Peak 6612 by Livingston Douglas

Elevation: 6,612 ft
Prominence: 672

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This peak is not in the book. Published November 2023

Peak 6612 is a ridgeline summit that sits above the south side of Bills Canyon. It towers over the east side of the North Fork Salmon River. This area is a mix of private and public land, so be careful. This climb is entirely on National Forest land. USGS North Fork

The summit hump of Peak 6612 (forested in dead center) as viewed from the northwest. Livingston Douglas Photo


Same as for Peak 5690. This is the second leg of a 2-peak adventure that includes Peak 5690 and Peak 6612. It covers 6.8miles with 3,250 feet of elevation gain round trip.

North Ridge, Class 2

The Climb

From the meadow on the northeast side of Peak 6612 (at about 5,200 feet), pick up a game trail that heads diagonally right/west up toward the crest of the north ridge. Follow a series of game trails to complete the push to the north ridge in the aforementioned diagonal fashion. Once on the north ridge, follow the rounded ridge south up through an open pine forest with some deadfall and an easy grassy base. The north ridge leads up to a junction with the northwest ridge at Point 6520+. From Point 6520+, traverse the ridge crest southeast then south to the summit of Peak 6612.

The ridge traverse begins in easy, open field grass. However, it gets very thick with deadfall and awful brush as the ridge narrows and climbs to the narrow summit area. The summit is about ½ mile from Point 6520+. It has a gold USGS benchmark (surprising) and a nearby fire ring. I built a summit cairn using the rocks from the fire ring.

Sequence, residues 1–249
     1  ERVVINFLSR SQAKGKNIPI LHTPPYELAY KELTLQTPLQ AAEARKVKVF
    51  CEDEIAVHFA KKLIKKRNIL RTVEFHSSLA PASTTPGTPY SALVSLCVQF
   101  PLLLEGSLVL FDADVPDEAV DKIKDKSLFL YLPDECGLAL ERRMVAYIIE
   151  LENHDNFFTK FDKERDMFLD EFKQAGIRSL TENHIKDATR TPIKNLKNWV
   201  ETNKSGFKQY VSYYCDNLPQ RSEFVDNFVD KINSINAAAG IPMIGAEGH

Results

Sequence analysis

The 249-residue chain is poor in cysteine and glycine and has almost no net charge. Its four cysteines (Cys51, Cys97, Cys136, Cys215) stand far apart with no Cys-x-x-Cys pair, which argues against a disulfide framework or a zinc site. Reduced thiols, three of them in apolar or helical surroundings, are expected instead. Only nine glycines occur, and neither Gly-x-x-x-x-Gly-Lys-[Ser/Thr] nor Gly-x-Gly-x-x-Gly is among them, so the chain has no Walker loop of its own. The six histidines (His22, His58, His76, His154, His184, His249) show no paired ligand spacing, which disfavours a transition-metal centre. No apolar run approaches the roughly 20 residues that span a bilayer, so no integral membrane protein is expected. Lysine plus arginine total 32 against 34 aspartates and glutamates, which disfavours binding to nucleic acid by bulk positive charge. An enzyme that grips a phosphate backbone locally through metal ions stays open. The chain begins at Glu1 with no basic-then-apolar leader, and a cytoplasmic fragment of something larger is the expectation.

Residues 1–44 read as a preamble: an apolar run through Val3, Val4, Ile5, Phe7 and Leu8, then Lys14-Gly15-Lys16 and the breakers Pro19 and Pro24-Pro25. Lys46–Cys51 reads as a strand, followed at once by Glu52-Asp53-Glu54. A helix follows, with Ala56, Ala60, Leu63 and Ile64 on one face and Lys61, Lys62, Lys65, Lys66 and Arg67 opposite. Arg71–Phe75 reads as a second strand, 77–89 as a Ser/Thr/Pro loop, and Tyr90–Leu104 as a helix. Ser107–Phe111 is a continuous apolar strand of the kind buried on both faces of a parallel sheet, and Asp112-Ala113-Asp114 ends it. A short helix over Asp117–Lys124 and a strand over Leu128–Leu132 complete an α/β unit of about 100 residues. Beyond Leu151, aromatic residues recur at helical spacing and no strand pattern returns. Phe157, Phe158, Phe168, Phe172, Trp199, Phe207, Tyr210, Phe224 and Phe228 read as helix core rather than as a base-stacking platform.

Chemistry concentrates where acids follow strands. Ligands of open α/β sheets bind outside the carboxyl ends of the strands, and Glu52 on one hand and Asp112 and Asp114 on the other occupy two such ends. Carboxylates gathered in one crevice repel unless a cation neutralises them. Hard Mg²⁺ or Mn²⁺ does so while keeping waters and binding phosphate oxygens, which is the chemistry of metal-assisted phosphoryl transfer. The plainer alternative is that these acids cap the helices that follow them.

The summit of Peak 6612. Livingston Douglas Photo

Northwest Ridge, Class 2+

The Descent

From the summit, return north then northwest to Point 6520+. Descend west then northwest on the long, steep (in sections), open northwest ridge, staying in open grass/scrub on the left/south edge of the thick pine forest. Lower down, the ridge definition weakens and it becomes a series of shoulders and dry gullies. Angle right/north to finish near the parking pullout along US-93. The final 600 vertical feet of descent is steep and challenging. Cross a dry gully then descend west on a steep shoulder. From there, head northwest down a very steep, loose face of scrub and loose scree/gravel (Class 2+). Reach US-93 about 0.1 miles south of the parking pullout. Walk briefly north on US-93 to return to the parking pullout.

Looking down the magnificent northwest ridge, my descent route. Livingston Douglas Photo

Additional Resources

Mountain Range: Beaverhead Range

Longitude: -113.9618   Latitude: 45.4567

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